• Software development technologies and tools is well-known

Advantages and Disadvantages

Advantages Disadvantages
  • Simple and easy to use
  • Each phase has specific deliverables.
  • Higher chance of success over the waterfall model due to the development of test plans early on during the life cycle.
  • Works well for where requirements are easily understood.
  • Verification and validation of the product in early stages of product development.
  • Very inflexible, like the waterfall model.
  • Little flexibility and adjusting scope is difficult and expensive.
  • Software is developed during the implementation phase, so no early prototypes of the software are produced.
  • The model doesn’t provide a clear path for problems found during testing phases.
  • Costly and required more time, in addition to detailed plan

Prototyping Model


It refers to the activity of creating prototypes of software applications, for example, incomplete versions of the software program being developed. It is an activity that can occur in software development. It used to visualize some component of the software to limit the gap of misunderstanding the customer requirements by the development team. This also will reduce the iterations may occur in waterfall approach and hard to be implemented due to the inflexibility of the waterfall approach. So, when the final prototype is developed, the requirement is considered to be frozen.

It has some types, such as:

  • Throwaway prototyping: Prototypes that are eventually discarded rather than becoming a part of the finally delivered software

Throwaway prototyping

  • Evolutionary prototyping: prototypes that evolve into the final system through an iterative incorporation of user feedback.


  • Incremental prototyping: The final product is built as separate prototypes. At the end, the separate prototypes are merged in an overall design.


  • Extreme prototyping: used at web applications mainly. Basically, it breaks down web development into three phases, each one based on the preceding one. The first phase is a static prototype that consists mainly of HTML pages. In the second phase, the screens are programmed and fully functional using a simulated services layer. In the third phase, the services are implemented

The usage

  • This process can be used with any software developing life cycle model. While this shall be focused with systems needs more user interactions. So, the system does not have user interactions, such as, a system does some calculations shall not have prototypes.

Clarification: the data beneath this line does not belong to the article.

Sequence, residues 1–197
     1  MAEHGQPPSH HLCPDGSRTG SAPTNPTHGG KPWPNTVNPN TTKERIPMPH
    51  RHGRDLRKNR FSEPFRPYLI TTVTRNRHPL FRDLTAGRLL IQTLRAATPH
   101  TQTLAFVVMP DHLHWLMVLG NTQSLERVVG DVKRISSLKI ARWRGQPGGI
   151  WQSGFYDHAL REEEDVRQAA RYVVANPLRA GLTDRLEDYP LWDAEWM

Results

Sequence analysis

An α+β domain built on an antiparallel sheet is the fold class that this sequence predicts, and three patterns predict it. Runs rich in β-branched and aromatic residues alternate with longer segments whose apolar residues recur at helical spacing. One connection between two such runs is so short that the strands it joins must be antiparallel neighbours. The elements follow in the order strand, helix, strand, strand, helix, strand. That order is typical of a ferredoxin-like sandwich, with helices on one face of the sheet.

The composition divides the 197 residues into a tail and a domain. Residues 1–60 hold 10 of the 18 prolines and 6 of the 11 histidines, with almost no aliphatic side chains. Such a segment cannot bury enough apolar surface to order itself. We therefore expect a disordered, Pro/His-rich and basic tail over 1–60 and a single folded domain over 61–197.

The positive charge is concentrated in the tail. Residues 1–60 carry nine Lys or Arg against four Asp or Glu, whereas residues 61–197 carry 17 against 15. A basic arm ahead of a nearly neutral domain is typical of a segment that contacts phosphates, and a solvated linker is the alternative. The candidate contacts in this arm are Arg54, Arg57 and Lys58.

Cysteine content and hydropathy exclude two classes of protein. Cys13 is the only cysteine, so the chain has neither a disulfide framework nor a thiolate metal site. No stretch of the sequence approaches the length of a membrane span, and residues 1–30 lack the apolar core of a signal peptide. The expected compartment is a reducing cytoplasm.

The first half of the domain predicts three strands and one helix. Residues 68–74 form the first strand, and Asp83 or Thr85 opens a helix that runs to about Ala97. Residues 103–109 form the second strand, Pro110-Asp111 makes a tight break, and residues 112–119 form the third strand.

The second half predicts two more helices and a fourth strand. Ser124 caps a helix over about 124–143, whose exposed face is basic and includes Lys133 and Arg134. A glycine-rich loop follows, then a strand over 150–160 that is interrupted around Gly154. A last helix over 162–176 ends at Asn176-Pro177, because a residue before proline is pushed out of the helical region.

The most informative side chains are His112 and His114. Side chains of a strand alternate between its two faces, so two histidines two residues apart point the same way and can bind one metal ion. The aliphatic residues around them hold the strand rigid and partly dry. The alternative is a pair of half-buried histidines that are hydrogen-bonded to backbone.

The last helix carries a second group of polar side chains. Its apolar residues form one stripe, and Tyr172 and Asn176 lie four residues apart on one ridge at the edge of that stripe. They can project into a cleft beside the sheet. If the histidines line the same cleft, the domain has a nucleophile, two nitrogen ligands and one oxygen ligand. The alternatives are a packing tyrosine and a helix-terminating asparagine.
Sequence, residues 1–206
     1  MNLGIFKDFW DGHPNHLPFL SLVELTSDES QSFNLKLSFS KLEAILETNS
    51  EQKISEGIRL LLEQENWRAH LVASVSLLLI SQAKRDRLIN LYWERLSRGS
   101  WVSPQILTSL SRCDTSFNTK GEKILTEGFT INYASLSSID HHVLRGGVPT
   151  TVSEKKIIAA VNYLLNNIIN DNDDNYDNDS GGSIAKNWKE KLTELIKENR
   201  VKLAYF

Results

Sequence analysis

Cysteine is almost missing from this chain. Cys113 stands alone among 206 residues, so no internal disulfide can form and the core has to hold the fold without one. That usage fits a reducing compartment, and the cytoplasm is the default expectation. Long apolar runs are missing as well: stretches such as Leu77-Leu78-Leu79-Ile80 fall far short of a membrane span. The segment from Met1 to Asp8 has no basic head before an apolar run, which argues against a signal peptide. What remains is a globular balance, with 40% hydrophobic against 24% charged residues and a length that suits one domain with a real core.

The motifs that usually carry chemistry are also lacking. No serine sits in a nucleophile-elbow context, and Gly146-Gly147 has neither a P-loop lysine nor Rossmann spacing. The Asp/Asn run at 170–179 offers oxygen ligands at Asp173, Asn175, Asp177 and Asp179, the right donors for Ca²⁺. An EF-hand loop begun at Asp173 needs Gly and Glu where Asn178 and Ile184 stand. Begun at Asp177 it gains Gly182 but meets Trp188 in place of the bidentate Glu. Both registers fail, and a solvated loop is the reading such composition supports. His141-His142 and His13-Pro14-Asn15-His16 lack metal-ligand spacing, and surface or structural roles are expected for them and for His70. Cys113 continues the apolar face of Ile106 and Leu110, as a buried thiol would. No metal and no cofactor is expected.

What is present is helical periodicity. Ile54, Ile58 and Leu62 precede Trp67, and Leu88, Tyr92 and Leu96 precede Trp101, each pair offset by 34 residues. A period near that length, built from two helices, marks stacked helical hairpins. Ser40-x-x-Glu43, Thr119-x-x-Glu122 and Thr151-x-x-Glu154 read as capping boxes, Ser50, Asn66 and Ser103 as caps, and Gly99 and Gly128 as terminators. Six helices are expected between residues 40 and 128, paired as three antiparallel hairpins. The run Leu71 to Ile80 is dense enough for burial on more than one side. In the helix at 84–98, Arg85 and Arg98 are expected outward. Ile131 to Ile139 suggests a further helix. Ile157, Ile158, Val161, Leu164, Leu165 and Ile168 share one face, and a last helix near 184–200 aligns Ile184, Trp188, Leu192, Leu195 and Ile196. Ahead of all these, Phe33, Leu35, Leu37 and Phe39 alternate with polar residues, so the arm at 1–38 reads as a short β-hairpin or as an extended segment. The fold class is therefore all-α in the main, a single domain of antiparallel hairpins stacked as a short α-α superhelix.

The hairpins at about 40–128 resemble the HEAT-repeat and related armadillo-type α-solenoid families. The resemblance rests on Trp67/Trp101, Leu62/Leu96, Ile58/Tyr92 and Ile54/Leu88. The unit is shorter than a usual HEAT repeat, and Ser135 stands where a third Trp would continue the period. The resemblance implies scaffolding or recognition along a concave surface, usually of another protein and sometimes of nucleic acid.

Advantages and Disadvantages

Advantages Disadvantages
  • Reduced time and costs, but this can be disadvantage if the developer loses time in developing the prototypes.
  • Improved and increased user involvement.
  • Insufficient analysis· User confusion of prototype and finished system.
  • Developer misunderstanding of user objectives.
  • Excessive development time of the prototype.
  • Expense of implementing prototyping

Spiral Method (SDM)


It is combining elements of both design and prototyping-in-stages, in an effort to combine advantages of top-down and bottom-up concepts. This model of development combines the features of the prototyping model and the waterfall model. The spiral model is favored for large, expensive, and complicated projects. This model uses many of the same phases as the waterfall model, in essentially the same order, separated by planning, risk assessment, and the building of prototypes and simulations.


The usage

It is used in shrink-wrap large applications and systems which built-in small phases or segments.

Advantages and Disadvantages

Advantages Disadvantages
  • Estimates (i.e. budget, schedule, etc.) become more realistic as work progressed, because important issues are discovered earlier.
  • Early involvement of developers.
  • Manages risks and develops the system into phases.
  • High cost and time to reach the final product.
  • Needs special skills to evaluate the risks and assumptions.
  • Highly customized limiting re-usability

Iterative and Incremental Method


It is developed to overcome the weaknesses of the waterfall model. It starts with an initial planning and ends with deployment with the cyclic interactions in between. The basic idea behind this method is to develop a system through repeated cycles (iterative) and in smaller portions at a time (incremental), allowing software developers to take advantage of what was learned during the development of earlier parts or versions of the system.

It consists of mini waterfalls


The usage

It is used in shrink-wrap application and large system which built-in small phases or segments. Also can be used in a system has separated components, for example, ERP system. Which we can start with the budget module as a first iteration and then we can start with inventory module and so forth.

Advantages and Disadvantages

Advantages Disadvantages
  • Produces business value early in the development life cycle.
  • Better use of scarce resources through proper increment definition.
  • Can accommodate some change requests between increments.
  • More focused on customer value than the linear approaches.
  • Problems can be detected earlier.